# Create array of objects based on length; each object has a property with the index + 1 as its value

###### Posted By: Anonymous

I want to improve my ugly code to something more clean and simple.

How can I shorten this code?

```
if (this.foo < 2) {
return (this.result = [ { year: 1 } ]);
}
if (this.foo < 3) {
return (this.result = [ { year: 1 }, { year: 2 } ]);
}
if (this.foo < 4) {
return (this.result = [ { year: 1 }, { year: 2 }, { year: 3 } ]);
}
if (this.foo < 5) {
return (this.result = [ { year: 1 }, { year: 2 }, { year: 3 }, { year: 4 } ]);
}
if (this.foo < 6) {
return (this.result = [ { year: 1 }, { year: 2 }, { year: 3 }, { year: 4 }, { year: 5 } ]);
}
```

## Solution

What youâ€™ve shown is equivalent to this (except this goes beyond five elements, but also beyond one in the other direction):

```
return this.result = Array.from({
length: Math.floor(this.foo)
}, (_value, index) => ({
year: index + 1
}));
```

This assumes that this statement is inside a function (otherwise, `return`

wouldnâ€™t work).

A more reasonable length may be `Math.max(0, Math.min(2 ** 32 - 1, Math.floor(this.foo)))`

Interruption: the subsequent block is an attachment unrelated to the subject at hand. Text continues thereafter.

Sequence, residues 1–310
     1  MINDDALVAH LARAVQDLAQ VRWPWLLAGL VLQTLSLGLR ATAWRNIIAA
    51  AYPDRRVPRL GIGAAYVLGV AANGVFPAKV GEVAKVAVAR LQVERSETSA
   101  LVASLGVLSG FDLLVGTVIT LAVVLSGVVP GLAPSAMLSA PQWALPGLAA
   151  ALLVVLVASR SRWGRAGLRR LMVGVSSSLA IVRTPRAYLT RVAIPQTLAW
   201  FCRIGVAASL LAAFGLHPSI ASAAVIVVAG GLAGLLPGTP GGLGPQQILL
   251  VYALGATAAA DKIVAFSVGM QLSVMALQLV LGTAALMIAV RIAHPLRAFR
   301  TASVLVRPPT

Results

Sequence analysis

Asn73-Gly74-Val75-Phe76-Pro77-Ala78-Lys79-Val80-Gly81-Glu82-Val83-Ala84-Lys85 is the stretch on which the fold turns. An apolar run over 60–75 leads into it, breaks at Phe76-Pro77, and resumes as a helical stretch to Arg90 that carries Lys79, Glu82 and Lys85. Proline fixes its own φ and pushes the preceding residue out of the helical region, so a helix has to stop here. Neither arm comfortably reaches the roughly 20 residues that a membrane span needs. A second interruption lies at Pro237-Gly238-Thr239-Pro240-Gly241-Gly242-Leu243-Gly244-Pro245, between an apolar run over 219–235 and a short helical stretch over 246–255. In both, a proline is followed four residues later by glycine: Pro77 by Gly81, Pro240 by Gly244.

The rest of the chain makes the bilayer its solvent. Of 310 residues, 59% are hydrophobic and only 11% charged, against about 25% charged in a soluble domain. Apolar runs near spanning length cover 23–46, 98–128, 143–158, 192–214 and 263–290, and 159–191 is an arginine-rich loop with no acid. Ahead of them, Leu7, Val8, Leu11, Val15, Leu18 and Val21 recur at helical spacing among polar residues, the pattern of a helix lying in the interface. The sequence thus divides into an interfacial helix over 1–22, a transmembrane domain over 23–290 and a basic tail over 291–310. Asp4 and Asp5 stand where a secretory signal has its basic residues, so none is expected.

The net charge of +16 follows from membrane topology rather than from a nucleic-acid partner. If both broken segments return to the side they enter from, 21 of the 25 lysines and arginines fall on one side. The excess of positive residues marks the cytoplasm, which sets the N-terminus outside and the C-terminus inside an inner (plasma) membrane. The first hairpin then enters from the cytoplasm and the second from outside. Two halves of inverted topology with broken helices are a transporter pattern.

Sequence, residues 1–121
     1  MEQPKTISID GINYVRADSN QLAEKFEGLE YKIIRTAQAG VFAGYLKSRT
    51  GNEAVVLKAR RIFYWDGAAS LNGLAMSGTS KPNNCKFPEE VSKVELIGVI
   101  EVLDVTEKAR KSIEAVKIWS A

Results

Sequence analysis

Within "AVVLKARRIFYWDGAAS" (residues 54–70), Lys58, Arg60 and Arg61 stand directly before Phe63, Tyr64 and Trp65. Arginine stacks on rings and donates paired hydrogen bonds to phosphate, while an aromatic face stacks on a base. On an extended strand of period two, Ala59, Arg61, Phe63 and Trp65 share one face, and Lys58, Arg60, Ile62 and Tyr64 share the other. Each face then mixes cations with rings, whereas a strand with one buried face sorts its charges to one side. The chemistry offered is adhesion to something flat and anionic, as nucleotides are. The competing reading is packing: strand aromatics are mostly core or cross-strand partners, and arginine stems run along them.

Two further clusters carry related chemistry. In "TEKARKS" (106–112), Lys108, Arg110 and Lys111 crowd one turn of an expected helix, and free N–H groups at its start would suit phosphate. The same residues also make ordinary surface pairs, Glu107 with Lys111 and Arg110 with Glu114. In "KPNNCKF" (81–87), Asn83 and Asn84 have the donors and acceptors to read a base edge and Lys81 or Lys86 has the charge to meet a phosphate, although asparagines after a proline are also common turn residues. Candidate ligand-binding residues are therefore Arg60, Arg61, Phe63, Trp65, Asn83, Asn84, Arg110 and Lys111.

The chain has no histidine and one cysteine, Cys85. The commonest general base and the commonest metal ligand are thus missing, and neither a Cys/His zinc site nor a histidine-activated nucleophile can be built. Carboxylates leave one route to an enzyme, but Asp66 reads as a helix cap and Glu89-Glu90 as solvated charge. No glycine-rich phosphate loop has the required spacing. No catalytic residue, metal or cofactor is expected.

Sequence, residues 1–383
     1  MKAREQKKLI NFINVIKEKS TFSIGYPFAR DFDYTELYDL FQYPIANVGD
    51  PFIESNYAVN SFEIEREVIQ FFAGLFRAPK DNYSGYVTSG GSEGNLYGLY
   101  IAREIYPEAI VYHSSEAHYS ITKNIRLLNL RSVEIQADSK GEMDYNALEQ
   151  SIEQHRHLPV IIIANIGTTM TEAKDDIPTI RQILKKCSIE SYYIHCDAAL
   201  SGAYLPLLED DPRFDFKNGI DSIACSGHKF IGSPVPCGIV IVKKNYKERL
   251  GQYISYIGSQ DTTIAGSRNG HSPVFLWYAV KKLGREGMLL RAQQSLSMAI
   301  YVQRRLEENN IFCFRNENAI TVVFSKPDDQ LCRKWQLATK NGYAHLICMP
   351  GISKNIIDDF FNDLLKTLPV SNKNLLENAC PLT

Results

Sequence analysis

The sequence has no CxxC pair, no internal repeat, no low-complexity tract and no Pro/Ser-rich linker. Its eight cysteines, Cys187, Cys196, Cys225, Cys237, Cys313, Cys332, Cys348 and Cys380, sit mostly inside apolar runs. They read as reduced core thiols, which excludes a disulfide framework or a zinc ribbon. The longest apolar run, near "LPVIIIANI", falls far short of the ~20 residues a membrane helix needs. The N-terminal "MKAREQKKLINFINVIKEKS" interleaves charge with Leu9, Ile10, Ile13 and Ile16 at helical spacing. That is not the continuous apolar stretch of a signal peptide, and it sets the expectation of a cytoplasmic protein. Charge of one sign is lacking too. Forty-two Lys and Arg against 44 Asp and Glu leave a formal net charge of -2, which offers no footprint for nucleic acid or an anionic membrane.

which clamps^{1} the length to at least 0 and at most 2^{32} âˆ’ 1, the maximum Array length.

If you want to always have at least one element in your array, then use `Math.max(1,`

â€¦`)`

instead.

Returning an assignment (i.e. `return this.result =`

â€¦`;`

) is frowned upon.

The best practice is to separate these statements^{2}:

```
this.result = Array.from({
length: Math.max(0, Math.min(2 ** 32 - 1, Math.floor(this.foo)))
}, (_value, index) => ({
year: index + 1
}));
return this.result;
```

`Array.from`

is used with both arguments: the first one is the â€œarray-likeâ€ object `{ length: Math.max(0, Math.min(2 ** 32 - 1, Math.floor(this.foo))) }`

which gets converted to a proper `Array`

object.

In this case, an array with a length of `Math.floor(this.foo)`

is initialized (clamped to the range of possible Array lengths).

The second argument maps each value at a certain `index`

to an object with the `year`

property with the value `index + 1`

.

`_value`

isnâ€™t used (itâ€™s `undefined`

anyway).

The advantage to use `Array.from(`

*array-like*`,`

*mapping-function*`)`

over e.g. `.fill().map(`

â€¦`)`

is that only a single array is created in memory.

`Array(`

â€¦`).fill().map(`

â€¦`)`

creates *two* new arrays: the first one at `Array(`

â€¦`).fill()`

, the second one at `.map(`

â€¦`)`

.

Therefore, the `Array.from`

approach is more memory-efficient.

^{1}: Maybe soon weâ€™ll finally get a `Math.clamp`

methodâ€¦

^{2}: Technically, this would be equivalent.

If `this.result`

is a getter / setter, there may be an observable difference.

```
const result = Array.from({
length: Math.max(0, Math.min(2 ** 32 - 1, Math.floor(this.foo)))
}, (_value, index) => ({
year: index + 1
}));
this.result = result;
return result;
```

###### Answered By: Anonymous

Disclaimer: This content is shared under creative common license cc-by-sa 3.0. It is generated from StackExchange Website Network.